Doulas are non-clinical caregivers who provide physical, emotional and informational support to pregnant people and their partners before, during and after childbirth.
For example, a doula might:
- Provide information about the procedures performed and actions taken during and after labor (postpartum)
- Help explain your birth plan and advocate for your emotional and physical needs to hospital staff
- Offer physical comfort through activities like massage and focused breathing
- Guide and support your family and loved ones
- Help with breastfeeding
Doulas can’t provide medical advice and can’t change the clinical recommendations of a midwife or doctor, but their role is an important one. They provide continuous support and encouragement during labor and delivery and can help you have a better birthing experience.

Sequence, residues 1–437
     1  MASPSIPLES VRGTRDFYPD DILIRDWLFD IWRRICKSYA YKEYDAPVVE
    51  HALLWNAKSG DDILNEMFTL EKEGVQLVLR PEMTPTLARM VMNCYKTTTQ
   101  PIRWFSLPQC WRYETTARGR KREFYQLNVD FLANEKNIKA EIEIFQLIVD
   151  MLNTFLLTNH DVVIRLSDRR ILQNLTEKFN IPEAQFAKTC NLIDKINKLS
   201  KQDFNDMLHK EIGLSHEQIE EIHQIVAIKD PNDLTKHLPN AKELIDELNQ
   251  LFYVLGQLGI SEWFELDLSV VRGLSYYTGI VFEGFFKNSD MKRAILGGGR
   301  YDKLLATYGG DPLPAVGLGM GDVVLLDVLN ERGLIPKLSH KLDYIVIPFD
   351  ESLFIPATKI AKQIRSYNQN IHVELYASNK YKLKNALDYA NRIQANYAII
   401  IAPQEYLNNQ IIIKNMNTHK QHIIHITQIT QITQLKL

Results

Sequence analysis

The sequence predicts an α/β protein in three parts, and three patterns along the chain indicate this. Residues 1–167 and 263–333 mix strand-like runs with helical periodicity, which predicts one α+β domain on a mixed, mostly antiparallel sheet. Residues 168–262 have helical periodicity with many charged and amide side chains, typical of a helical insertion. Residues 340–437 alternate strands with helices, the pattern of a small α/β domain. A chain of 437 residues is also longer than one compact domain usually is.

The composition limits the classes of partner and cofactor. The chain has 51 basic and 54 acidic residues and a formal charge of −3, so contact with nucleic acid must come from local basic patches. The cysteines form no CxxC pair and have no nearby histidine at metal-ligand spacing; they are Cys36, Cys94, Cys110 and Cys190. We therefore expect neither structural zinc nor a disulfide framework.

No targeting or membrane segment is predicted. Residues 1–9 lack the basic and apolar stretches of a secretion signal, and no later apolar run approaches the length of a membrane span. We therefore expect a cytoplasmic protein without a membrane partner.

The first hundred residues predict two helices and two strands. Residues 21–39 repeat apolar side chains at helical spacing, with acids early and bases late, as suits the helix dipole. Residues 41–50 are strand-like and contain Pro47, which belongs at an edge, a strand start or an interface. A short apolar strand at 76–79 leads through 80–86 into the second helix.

The benefits of doula care
Studies suggest that doula care can make labor and delivery safer for pregnant people and their babies. Benefits of doula care include:
- Fewer c-sections (cesarean sections)
- Less anxiety and depression for pregnant people
- Less pain-relief medication during labor
- Shorter time in labor
- Fewer negative childbirth experiences
- Better communication between pregnant people and their health care providers
- Lower healthcare costs
In fact, compared with pregnant people who don’t use doulas, those at high risk for complications during labor and delivery under the care of a doula are:
- Two times less likely to experience a birth complication
- Four times less likely to have a low birthweight baby
- More likely to breastfeed
- More likely to feel happy about the care they received
Women of color in the United States are affected by higher rates of maternal death and severe maternal morbidity (unexpected and severe complications from labor and childbirth). There are many reasons behind this, including social, economic and environmental factors just to name a few. March of Dimes supports increased access to doula care as one tool to help improve birth outcomes and drive change.